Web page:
All four scored well on the EOG tests: One student scored that rare 5 on the Math EOG. Every one else from that group scored a four on both tests. They learned stuff, also. Their writing improved.

I had more time for the kids who needed it, and those who didn’t need much help were especially inspired. As it turned out, one of the group had never really shown great promise to other teachers.  Apparently I  helped him click a switch.

Enough of my bragging.

The Davidson Institute illustrates this quandary, observing, “In examining the effects of highstakes testing on classroom practices, the majority of the articles reported its negative influences with teachers focusing on underachievers and providing low-quality education for gifted and talented students.” While several developing nations, such as China and India are identifying and nurturing their most intellectually gifted students, the United States is doing the opposite. Unfortunately, this may backfire if China’s best-and-brightest eventually outshine America’s meager-and-mediocre.

I don’t agree with much of the article, but I am always concerned about meeting the needs of all students. When we try to teach everyone, do we risk under-teaching the brightest students?


Carver Elementary Taken Over by North Carolina’s Innovative School District

Update: WUNC gives more details on the legislation which might change the nature of the “takeover” model:

The State Board of Education has voted to add Carver Heights Elementary in Goldsboro to the Innovative School District, but the state’s school turn-around model could be changing.

The Innovative School District (ISD) was conceived by the General Assembly as a plan to turn some of the state’s lowest performing schools over to charter school operators, in the hope of improving them. The ISD has long been cast as a school take-over model, because it requires local school boards to either give up control of the school or close it. But a provision in a bill under debate at the General Assembly this week could change so that a local school board might continue to run its own school while it is in the ISD.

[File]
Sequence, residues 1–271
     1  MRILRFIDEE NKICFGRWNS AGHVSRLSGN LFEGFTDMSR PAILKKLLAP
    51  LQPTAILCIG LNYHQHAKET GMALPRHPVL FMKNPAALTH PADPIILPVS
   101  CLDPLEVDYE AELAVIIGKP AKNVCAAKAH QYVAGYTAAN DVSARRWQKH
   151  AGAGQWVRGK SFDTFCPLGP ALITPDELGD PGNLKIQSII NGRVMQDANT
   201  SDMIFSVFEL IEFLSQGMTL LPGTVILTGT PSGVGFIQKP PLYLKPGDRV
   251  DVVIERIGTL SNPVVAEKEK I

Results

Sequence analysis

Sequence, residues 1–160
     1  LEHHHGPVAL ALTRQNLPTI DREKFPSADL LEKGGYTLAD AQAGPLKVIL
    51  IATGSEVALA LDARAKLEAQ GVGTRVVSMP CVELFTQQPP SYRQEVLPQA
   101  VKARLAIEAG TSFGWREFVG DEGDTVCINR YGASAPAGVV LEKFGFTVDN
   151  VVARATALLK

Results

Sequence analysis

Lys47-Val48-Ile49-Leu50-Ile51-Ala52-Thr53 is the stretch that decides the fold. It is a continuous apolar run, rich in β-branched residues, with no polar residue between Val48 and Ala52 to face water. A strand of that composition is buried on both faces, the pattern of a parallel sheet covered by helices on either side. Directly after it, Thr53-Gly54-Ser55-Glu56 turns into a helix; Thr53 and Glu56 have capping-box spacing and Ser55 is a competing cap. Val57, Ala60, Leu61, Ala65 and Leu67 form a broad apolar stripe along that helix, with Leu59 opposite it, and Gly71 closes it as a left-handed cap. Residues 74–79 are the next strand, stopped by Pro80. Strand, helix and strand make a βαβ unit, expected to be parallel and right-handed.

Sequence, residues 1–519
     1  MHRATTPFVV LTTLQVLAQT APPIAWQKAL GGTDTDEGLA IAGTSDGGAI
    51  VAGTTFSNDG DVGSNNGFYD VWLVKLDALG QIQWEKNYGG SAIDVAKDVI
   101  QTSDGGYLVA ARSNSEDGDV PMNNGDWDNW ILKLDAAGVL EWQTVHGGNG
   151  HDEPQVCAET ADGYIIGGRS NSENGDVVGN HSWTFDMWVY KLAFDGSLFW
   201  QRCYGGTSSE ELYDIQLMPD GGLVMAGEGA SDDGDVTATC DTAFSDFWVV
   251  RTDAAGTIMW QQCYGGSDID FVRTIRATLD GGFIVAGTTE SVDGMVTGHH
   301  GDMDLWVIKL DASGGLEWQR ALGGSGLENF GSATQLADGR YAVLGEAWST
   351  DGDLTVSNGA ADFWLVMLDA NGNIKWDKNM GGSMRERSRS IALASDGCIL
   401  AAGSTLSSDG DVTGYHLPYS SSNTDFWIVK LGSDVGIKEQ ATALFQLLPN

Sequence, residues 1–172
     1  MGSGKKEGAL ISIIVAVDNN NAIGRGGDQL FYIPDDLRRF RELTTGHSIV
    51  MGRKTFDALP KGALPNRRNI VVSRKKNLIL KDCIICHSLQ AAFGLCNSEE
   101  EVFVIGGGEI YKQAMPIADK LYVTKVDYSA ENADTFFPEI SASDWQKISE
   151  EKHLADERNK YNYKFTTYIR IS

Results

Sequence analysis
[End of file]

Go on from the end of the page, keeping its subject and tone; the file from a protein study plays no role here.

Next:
Alex Granados of Education NC:

The State Board of Education unanimously approved the selection of Carver Heights Elementary in Wayne County to join the Innovative School District today, but not without major caveats and a lot of reservations about the decision.

“This timeline is just unfair,” said Board Member Wayne McDevitt of the quick decision Board members are forced to make by the ISD law. “It’s unfair to this Board. It’s unfair to the state. It’s unfair.”

Why do we care?  We might not, unless it is your neighborhood school being taken over by the state.  Wayne County school officials were making changes at the school, and will likely fight this.

The vote came during the second day of the State Board meeting. Board members discussed the selection extensively on the first day, exploring the possibility of making Wayne County Schools the operator of Carver Heights under the ISD, something that would be possible under a provision in a bill passed in the House today. Eric Hall, deputy superintendent for innovation at the state Department of Public Instruction, asked for that provision which now will be considered in the Senate.

But unless it passes, the school would likely be turned over to an outside operator — perhaps a for-profit charter or education management organization. The Board has until February 15th to decide on an operator though can make a choice as early as January.



Yesterday’s post:

According to Alex Granados of Education NC, there was a lot of debate today but no vote on the school’s inclusion in the Innovative School District.


The Innovative School District’s selection of Wayne County’s Carver Heights as the District’s second school was the focus of extensive discussion during the first day of the State Board of Education’s two-day meeting. The Board will have its actual vote tomorrow.

The full article is here.

The school is considered under-performing by any measure, and the state intends to take over management.